The Catchup 02.12.11

Greetings Shadudes and Shadettes,

Here’s a tasty bunch of links to while away your Friday afternoon. First off some office porn courtesy of Joe Hill. I’ve read two of Joe’s books – Horns and Heart-Shaped Box – and found them to be pretty damn fantastic. He’s living testament to the theory that talent is inherited genetically. Who did he inherit his storytelling ability from you might ask? Well, Joe Hill isn’t actually Joe Hill’s name. It’s Joseph Hillstrom King. Yep, that’s right Joe is Stephen King’s son and if his current catalogue is anything to go by he might be in the running to some day overtake his dad. Yes, he’s that good.

From one Hill to another, in 1983 Susan Hill wrote a great ghost story called The Woman in Black. It was later adapted into a successful stage play which was rumoured to be the most terrifying theatre experience of all time. If this trailer for the film adaptation is any indication then I suspect that claim was well earned. Let’s hope old Harry Potter remembered how to cast his patronus or he might be in a spot of bother.

Check out The Crooked Shelf which has been highlighting Aussie YA fiction for the past month. For a small country we sure do manage to cram a lot of talent into our tiny population. Speaking of homegrown talent if you haven’t checked out Jessica Shirvington’s fantastic paranormal series The Violet Eden Chapters (also called The Embrace Series) then you should definitely scoop them up. I’m pretty hard on most genre entries but Shirvington’s stuff is the real deal – elegantly written, imaginative and compelling.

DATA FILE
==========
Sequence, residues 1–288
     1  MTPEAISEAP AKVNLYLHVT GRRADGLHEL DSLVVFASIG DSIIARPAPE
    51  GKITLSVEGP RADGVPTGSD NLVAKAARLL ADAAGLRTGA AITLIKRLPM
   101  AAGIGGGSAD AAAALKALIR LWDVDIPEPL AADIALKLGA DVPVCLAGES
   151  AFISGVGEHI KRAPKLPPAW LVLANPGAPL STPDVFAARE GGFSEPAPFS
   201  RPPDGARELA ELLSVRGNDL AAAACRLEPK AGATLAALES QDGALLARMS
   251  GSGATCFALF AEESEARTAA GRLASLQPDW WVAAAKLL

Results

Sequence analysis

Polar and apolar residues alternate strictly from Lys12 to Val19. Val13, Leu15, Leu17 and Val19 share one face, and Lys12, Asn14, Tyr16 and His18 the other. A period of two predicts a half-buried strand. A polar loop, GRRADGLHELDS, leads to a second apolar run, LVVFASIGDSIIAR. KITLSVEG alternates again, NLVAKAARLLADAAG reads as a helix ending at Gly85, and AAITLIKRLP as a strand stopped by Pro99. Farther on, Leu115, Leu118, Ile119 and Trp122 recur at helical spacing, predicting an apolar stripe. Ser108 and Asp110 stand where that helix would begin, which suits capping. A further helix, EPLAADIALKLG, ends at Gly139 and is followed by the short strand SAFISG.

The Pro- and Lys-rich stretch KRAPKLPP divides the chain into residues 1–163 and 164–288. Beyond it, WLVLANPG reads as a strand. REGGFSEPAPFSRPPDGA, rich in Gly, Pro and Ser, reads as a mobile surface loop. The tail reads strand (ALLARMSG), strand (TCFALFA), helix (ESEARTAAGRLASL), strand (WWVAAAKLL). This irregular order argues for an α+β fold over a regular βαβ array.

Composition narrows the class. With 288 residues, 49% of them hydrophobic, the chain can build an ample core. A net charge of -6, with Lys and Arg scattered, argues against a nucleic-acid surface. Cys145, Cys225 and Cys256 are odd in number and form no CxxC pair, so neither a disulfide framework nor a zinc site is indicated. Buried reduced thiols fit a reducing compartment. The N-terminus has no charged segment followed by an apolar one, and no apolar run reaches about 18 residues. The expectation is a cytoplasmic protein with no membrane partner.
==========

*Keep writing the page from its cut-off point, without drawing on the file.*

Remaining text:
Here’s a trailer for a new documentary about flying Frenchmen. It gave me vertigo.

Ever wanted to know the truth about book editors? Watch this excitable fellow:

Lately, I’ve been contemplating taking up pilates or yoga. I’m worried I spend too long in front of the computer and I’ll develop a hump and have to go live in a bell tower or something. After reading this news article I’m having second thoughts. I’d rather remain inflexible than risk demonic possession.

Lastly, because I’m not above a little self-aggrandising, here’s a new review of Winter’s Shadow. It’s one of the only pieces I’ve read that offers a literary analysis of my book. This doesn’t happen all too often with genre fiction – especially cultish stuff like Winter’s Shadow. Most of the time readers either love it or hate it and it doesn’t get much deeper than that. This is totally fine with me as I react to books in a similar fashion but to discover that all the subtle stuff I purposefully (and accidentally) wove into the story was actually noticed by someone was enormously gratifying. I look forward to what Maria at A Nights Dream of Books writes next.

Until next time,

M. J.